Kent State at the Forefront of Liquid-Display Research
Liquid crystals already make cell phone and laptop displays possible. They’re used in GPS units, digital cameras, parking meters, gas pumps, electronic games and fish finders.
These tiny crystals – a phase of matter between liquid and solid – have an even brighter future, and the Liquid Crystal Institute at Kent State University is leading the way.
Cell phone “skins” that change color; sports goggles that adjust for light conditions. The next generation of electronic books, in color; tiny sensors to detect biological or chemical threats. These new applications are already on the market or will be soon.
“Liquid crystals are very sensitive to small changes in their environment,” says Phil Bos, associate director of the Liquid Crystal Institute and a Kent State professor. “They show a huge visible effect with a small change.”
The pioneering work of the institute, established in 1965, sparked greater interest among scientists for studying the potential of this in-between stage of matter first discovered in the 19th century.
Until now, most liquid-crystal displays and applications involved two plates of glass with the sensitive structures in the middle, but Kent Displays Inc., a leader in the field, has rolled out new technology that uses plastic.
“It opens up a whole new ball game,” says Allan Davis, the company’s senior director for business development. “There are a lot more surfaces. Displays can be anywhere – sewn into clothing, on refrigerators, sides of cell phones, a memo pad on the back of a cell phone.”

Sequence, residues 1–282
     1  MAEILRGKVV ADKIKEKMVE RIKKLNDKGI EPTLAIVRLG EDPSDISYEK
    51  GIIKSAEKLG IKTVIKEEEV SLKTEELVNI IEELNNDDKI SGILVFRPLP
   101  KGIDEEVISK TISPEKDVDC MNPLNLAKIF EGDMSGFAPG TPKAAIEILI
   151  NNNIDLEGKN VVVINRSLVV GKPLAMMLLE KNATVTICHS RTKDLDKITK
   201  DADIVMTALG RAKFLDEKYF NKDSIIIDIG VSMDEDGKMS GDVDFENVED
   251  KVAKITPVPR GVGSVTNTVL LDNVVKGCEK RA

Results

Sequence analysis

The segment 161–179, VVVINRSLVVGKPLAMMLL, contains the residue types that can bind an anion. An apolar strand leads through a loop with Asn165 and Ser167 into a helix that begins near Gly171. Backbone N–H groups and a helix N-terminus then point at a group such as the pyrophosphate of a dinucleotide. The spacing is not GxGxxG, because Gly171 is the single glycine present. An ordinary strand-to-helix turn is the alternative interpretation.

Crystal's Huge Potential
Bos says the potential for lower-cost, user friendly electronic books and similar applications is huge.
“Kent Displays is the go-to place in the world for those interested in that technology,” he says. “Their stuff is on the radar of some of the biggest companies in the world.”
A former director of the institute started Kent Displays in 1993, and many of its engineers are graduates of the university.
AlphaMicron Inc. in Kent is working on digital visors, rear-view mirrors that dim automatically and a new generation of “smart windows.” It provided liquid-crystal sequins for an inaugural gown Indiana’s first lady wore in 2007.
CoAdNa Phototonics develops its switches and equalizers for fiber-optic systems in nearby Stow. And Hana Microdisplay Technology Inc. set up shop in nearby Twinsburg because of the proximity to the institute.
“We were the first university to have an institute dedicated to this field of study,” says Jim Maxwell, the Liquid Crystal Institute’s spokesman. “It became a really great model for others to follow.”